Employing political gardeners who bribe us is clinically insane, yet we continue to do it

Thursday July 18 2019

Every now and then Kenyan Members of Parliament

Every now and then Kenyan Members of Parliament award themselves salary increments and benefits that are today the highest in the world. PHOTO | JEFF ANGOTE | NMG 

JENERALI ULIMWENGU
By JENERALI ULIMWENGU
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As I tried to follow the wrangles over the emoluments of Kenya’s legislators this past week, a number of disconcerting thoughts preyed on my mind.

First, I thought of the processes that all our countries go through at election time to get the people who come to tell us how much they want to be our servants, working for us alone.

Then, I thought how bizarre it is that someone would show up at your front gate, ring the bell and when you answer, introduce himself as an expert gardener offering his services to you, promising to make your garden the best of all the beautiful gardens of Masaki, Nyarutarama, Runda or Mulago.

Not only does he offer his services to you, but while you are checking his bona fides and qualifications, he starts to give you incentives to entice you to hire him.

He offers you beer while you examine his papers, he presents your wife with a flacon of expensive perfume and treats your children to the best Swiss chocolates they have ever munched.

If at the end of that performance you hired the man you would be an idiot requiring psychological evaluation.

A mentally balanced home owner would call the police and report a malefactor who is up to no good, and I trust the cops would come over and cart the joker away for interrogation. Why? Because there has to be something weird about a fellow who bribes you to let him serve you, do you see?

But in all our elections this happens every time, and we don’t call law enforcement; instead, we actually go ahead and hand over our gardens to the people who bribed us into allowing them to be our servants.

Then they take over our gardens, and we see them as they throw these grand parties in those very gardens, to celebrate our idiocy, and we are helpless to do anything about them till the next election when they come back again promising to serve us and bribing us to allow them to do so.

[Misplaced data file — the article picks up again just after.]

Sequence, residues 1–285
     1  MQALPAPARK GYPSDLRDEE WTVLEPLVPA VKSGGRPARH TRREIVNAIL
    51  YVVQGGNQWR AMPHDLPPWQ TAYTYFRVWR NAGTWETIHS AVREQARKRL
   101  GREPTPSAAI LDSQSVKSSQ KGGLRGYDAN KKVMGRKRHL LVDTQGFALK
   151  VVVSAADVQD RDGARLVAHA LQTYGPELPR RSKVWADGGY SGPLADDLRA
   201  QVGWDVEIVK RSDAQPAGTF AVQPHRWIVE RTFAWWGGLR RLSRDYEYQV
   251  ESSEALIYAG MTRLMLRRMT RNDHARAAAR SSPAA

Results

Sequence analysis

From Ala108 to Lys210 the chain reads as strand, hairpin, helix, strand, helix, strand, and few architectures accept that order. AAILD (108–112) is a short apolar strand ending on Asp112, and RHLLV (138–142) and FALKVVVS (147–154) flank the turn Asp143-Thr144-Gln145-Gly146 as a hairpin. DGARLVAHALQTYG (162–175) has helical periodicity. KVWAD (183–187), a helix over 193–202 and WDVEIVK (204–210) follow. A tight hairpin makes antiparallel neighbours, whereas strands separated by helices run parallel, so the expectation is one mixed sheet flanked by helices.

Before very long, we hear our hired gardeners haggling about how much they, our servants, should be paid for the excellent service they are rendering us as our gardeners.

They actually are telling us now that they deserve to be paid so much money because they have this and that responsibility to carry out, and we should be paying for that.

In this fictional case above, if any village, street or community did what I have outlined above, they would have earned the right to be classified as clinically insane.

But in our governance systems and processes, this is the norm, and we do not seem to realise how much our minds are being contorted, disfigured and warped by the idiosyncratic ways in which our rulers, who promised to be our servants, are abusing us gloriously.

At this level, we are now witnessing the different branches of the “servants of the people” demanding how much each should be paid, and the people, who should be the beneficiaries of the services of this blighted crowd, look on as bemused spectators as their supposed representatives tear each other, and themselves, to pieces.

The sooner we can identify this arrangement as a scam the better it will be for us all.

If no one accepts a bribe from his would-be gardener to allow the gardener to garden for him, there should be no one accepting bribes from politicians to allow these latter to serve them.

Allowing this to happen is tantamount to allowing a mental disease whose name I have not heard of to take hold in our midst.

The Kenyan debate raises a few points that we should consider. One, which I consider basic, is whether the people who are being remunerated should be the ones to state what their remuneration should be?

Knowing his competence and worth, the good gardener would know how to negotiate with his employer to secure better pay.

But if it comes to the point where the gardener dictates to the home owner what the latter should pay him, then it is clear that roles have been reversed...and may be not reversed, because they have always been this way, only we did not recognise them as such.

The ungainly haggling I watched in Kenya this past week tells me we are still the captives of those we erroneously think to be our servants.

Jenerali Ulimwengu is chairman of the board of the Raia Mwema newspaper and an advocate of the High Court in Dar es Salaam. E-mail: [email protected]

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